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123 Data Collection Method

The process of collecting the data was initiated with giving instruction to the students in writing III to write argumentative essay. Since the test is carried out in writing III classes, the students has previously taught about argumentative text, including the characteristics and elements that differ argumentative texts from any other writing genres. Therefore, the students have knowledge about argumentative essay but they are still novice in writing argumentative essay.

Data Analysis

The data analysis is then carried out to find out the characteristics RI YRLFH LQ (QJOLVK 'HSDUWPHQW·V VWXGHQWV DUJXPHQWDWLYH ZULWLQJ 7Ke IUDPHZRUN XVHG WR DQDO\VH WKH GDWD ZDV RI +\ODQG·V LQWHUDFWLRQDO PRGHO of voice (2008). The rubric based on the model is the main reference to analyse the data.

Definitions of voice elements

Hedges are words, phrases or clauses that is meant to give some distance between the writer and the proposition they said. Some of the most commonly used hedges include: can/ could, may/might, perhaps, maybe, probably, possible/possibly, suppose/supposedly, sometimes, seem, appear, relative/relatively, tend to, tentatively, likely, about, more or less, to some extent, in some case, etc.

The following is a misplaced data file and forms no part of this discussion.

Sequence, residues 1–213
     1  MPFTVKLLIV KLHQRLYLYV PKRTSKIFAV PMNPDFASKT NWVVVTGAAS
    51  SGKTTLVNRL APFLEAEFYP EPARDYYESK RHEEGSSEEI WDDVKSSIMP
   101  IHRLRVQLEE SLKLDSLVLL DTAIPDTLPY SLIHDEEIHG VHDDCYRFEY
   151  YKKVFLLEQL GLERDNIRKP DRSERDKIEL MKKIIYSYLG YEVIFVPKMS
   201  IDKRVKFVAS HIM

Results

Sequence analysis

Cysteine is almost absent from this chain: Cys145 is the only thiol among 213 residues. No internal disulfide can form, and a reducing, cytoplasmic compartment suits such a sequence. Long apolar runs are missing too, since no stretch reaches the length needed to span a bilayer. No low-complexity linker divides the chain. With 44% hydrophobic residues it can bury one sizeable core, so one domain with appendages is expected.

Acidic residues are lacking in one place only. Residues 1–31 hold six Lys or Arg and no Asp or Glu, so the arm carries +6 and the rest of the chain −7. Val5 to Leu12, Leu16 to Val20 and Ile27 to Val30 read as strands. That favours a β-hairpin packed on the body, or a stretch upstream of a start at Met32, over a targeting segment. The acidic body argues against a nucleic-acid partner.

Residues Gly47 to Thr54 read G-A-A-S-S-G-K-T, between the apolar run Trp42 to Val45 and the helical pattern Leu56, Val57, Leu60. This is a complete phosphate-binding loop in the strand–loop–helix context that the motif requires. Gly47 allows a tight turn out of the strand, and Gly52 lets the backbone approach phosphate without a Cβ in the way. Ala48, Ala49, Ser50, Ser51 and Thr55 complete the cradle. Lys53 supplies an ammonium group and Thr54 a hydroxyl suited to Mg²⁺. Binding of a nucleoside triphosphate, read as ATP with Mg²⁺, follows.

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Boosters, or Helms-Park and Stapleton (2003) label it as ´LQWHQVLILHUµ DUH XVHG WR VKRZ WKH ZULWHU·V GHJUHH RI FRQILGHQW LQ Wheir SURSRVLWLRQ $FFRUGLQJ WR +\ODQG LW LV DOVR XVHG WR ¶PDUN >WKH DXWKRU·V@ LQYROYHPHQW ZLWK WKH WRSLF· S 6RPH RI WKH FRPPRQO\ identified boosters include: very, certainly, clearly, definitely, enormously, never, extremely, always, apparently, indeed, etc.